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I agree with your dismissal of the errant views, however, I don't agree with your conclusion. While it is true that the translators did use a variety of synonyms, they did not use Easter and Passover interchangeably or they would have used Easter more than once. Additionally, if you were correct in the reasoning, your paper does not prove their reasoning as you only cited their statement to the general uses of words in the whole of scripture and merely asserted that was what was done in Acts 12:4. 

Easter does retain its etymology as it refers specifically to the morning of the resurrection and generally to the CHRISTIAN celebration.  It does not refer to the OT celebration of the Jews but to the Christian elements of the week that Christians were celebrating IN acts 12 (which was 10 years after the Resurrection of Christ). Herod wanted to show the Jews a pleasure so attempted to stifle the christian elements of the Passover week which culminated the Sunday after the week of unleavened bread, On Easter morning Resurrection, where the Christians calibrate Christ power over the grave, Herod planned on taking Peter (Jesus' pillar of the church and "greatest" apostle of the faith) and executing him. Showing his power over the church and thus the futility of the Christian faith.

Webster 1828: E'ASTER, noun A festival of the christian church observed in commemoration of our Savior's resurrection. It answers to the pascha or passover of the Hebrews, and most nations still give it this name, pascha, pask, paque.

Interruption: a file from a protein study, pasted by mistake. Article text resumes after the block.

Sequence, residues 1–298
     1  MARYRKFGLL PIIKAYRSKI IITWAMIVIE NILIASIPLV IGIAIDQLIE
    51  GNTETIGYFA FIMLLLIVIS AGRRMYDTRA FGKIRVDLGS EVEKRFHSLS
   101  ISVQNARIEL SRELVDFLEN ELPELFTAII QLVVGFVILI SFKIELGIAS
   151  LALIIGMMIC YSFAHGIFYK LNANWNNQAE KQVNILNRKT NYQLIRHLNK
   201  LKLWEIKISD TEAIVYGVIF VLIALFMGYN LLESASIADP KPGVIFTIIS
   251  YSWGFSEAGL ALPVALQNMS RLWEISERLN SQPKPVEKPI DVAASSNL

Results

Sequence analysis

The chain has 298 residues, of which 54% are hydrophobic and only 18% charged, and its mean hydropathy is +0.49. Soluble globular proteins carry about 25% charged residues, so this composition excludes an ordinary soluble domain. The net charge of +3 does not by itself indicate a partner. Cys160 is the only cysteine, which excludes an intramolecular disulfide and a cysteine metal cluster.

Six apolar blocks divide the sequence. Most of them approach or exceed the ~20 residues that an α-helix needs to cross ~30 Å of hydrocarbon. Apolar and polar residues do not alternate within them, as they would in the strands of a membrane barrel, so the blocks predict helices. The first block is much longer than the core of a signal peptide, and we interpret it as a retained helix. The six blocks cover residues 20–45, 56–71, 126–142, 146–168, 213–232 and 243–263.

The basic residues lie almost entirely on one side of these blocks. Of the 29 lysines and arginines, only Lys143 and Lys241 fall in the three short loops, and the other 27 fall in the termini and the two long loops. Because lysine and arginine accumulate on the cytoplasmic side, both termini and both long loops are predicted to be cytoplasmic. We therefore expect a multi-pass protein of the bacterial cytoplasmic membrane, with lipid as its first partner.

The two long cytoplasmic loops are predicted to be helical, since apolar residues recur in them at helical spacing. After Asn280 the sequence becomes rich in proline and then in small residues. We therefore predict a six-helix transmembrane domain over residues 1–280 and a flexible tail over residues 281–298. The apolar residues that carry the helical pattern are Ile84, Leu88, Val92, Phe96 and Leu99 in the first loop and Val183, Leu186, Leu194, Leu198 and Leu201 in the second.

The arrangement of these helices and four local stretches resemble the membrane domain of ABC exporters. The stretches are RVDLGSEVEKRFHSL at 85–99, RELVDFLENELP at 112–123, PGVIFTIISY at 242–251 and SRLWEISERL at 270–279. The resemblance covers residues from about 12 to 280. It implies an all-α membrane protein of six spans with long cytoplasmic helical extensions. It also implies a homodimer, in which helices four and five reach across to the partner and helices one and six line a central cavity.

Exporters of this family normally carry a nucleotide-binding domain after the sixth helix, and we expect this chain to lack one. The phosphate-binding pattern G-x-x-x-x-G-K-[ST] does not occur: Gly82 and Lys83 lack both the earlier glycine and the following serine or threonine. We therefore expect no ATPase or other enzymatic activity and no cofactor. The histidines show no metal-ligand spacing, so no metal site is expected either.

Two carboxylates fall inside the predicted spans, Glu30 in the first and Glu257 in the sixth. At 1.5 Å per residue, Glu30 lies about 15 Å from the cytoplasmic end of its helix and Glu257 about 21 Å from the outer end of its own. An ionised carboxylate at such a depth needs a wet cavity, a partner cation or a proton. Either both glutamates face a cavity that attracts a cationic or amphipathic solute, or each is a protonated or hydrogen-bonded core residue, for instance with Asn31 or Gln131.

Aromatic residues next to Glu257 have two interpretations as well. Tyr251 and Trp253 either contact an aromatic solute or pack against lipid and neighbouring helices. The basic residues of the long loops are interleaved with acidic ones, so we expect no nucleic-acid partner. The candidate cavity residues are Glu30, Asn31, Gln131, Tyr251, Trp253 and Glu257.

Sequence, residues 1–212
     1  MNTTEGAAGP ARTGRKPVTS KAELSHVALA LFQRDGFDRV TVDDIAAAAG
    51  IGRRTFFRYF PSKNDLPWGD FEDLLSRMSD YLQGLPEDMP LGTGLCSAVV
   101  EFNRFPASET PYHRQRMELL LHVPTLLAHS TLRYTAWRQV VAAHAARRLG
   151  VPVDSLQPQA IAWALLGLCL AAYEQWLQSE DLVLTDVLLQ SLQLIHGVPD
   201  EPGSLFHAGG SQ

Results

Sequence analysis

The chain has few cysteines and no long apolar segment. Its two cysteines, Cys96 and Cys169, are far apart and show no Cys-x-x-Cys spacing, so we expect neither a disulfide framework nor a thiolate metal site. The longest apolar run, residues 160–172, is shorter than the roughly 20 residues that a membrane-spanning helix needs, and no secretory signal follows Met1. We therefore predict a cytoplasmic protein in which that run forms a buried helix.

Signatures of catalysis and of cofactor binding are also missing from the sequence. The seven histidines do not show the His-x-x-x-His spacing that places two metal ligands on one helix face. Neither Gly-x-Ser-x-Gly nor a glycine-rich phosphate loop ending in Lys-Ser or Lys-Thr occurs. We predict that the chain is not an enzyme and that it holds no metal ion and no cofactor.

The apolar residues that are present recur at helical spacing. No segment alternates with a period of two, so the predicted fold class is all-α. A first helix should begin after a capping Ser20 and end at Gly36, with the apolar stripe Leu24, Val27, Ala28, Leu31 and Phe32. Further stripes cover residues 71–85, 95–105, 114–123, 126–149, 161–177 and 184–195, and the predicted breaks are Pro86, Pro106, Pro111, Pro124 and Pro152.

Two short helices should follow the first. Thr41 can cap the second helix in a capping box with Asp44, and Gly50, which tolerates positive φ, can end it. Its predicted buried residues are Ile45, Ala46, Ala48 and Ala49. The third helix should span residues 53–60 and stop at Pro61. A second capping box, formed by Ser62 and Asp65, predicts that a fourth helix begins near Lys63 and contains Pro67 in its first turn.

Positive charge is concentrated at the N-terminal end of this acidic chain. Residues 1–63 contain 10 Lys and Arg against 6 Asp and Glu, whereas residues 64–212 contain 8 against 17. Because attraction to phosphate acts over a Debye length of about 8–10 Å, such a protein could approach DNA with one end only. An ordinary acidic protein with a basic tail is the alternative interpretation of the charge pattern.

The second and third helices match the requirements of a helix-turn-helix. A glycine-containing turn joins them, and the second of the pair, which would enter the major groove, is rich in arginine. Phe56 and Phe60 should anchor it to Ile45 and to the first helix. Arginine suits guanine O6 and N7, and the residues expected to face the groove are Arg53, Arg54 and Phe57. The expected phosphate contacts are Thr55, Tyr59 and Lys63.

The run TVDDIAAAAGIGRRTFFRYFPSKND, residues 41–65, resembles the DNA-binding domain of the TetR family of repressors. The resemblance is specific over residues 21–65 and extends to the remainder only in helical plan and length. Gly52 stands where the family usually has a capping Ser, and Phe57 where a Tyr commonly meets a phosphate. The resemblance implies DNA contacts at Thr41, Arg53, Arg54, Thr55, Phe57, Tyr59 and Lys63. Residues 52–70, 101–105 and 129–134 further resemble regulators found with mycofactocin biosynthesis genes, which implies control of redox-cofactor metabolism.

Etymology:  Old English ēastre ; of Germanic origin and related to German Ostern and east; perhaps from Ēastre, the name of a goddess associated with spring

(The goddess connection is spurious at best and is a result of false etiological practices of comparing unrelated words by sound and have no real bearing on the actual word. It was unknown if the purported goddess "Ēastre" was even worshiped as only record of her was from Bede in the 500's A.D. when he recounting pagan folklore 500 of years previous. In the christian era common uses referring to looking towards the "East" or towards the "dawn" or "spring time" and the spring month but never in regards to a goddess. It is similar how our days and months and planets all are named after false gods but we do not worship them as such.)

Acts 12:1-5 Now about that time Herod the king stretched forth his hands to vex certain of the church. 2 And he killed James the brother of John with the sword. 3 And because he saw it pleased the Jews, he proceeded further to take Peter also. (Then were the days of unleavened bread.) 4 And when he had apprehended him, he put him in prison, and delivered him to four quaternions of soldiers to keep him; intending after Easter to bring him forth to the people. 5 Peter therefore was kept in prison: but prayer was made without ceasing of the church unto God for him.

11 And when Peter was come to himself, he said, Now I know of a surety, that the Lord hath sent his angel, and hath delivered me out of the hand of Herod, and from all the expectation of the people of the Jews.